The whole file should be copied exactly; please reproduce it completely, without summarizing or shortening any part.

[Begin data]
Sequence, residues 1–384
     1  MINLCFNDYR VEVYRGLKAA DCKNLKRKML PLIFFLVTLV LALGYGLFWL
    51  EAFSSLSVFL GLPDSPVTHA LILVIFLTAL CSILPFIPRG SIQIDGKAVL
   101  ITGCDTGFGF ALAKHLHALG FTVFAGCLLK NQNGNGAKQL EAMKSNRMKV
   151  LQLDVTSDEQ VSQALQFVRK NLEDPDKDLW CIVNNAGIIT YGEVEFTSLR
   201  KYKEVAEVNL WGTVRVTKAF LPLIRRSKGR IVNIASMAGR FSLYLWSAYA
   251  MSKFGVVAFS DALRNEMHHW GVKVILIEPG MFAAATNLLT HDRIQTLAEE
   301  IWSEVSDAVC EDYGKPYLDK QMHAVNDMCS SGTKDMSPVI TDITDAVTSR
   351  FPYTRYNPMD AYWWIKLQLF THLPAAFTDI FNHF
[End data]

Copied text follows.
Sequence, residues 1–384
     1  MINLCFNDYR VEVYRGLKAA DCKNLKRKML PLIFFLVTLV LALGYGLFWL
    51  EAFSSLSVFL GLPDSPVTHA LILVIFLTAL CSILPFIPRG SIQIDGKAVL
   101  ITGCDTGFGF ALAKHLHALG FTVFAGCLLK NQNGNGAKQL EAMKSNRMKV
   151  LQLDVTSDEQ VSQALQFVRK NLEDPDKDLW CIVNNAGIIT YGEVEFTSLR
   201  KYKEVAEVNL WGTVRVTKAF LPLIRRSKGR IVNIASMAGR FSLYLWSAYA
   251  MSKFGVVAFS DALRNEMHHW GVKVILIEPG MFAAATNLLT HDRIQTLAEE
   301  IWSEVSDAVC EDYGKPYLDK QMHAVNDMCS SGTKDMSPVI TDITDAVTSR
   351  FPYTRYNPMD AYWWIKLQLF THLPAAFTDI FNHF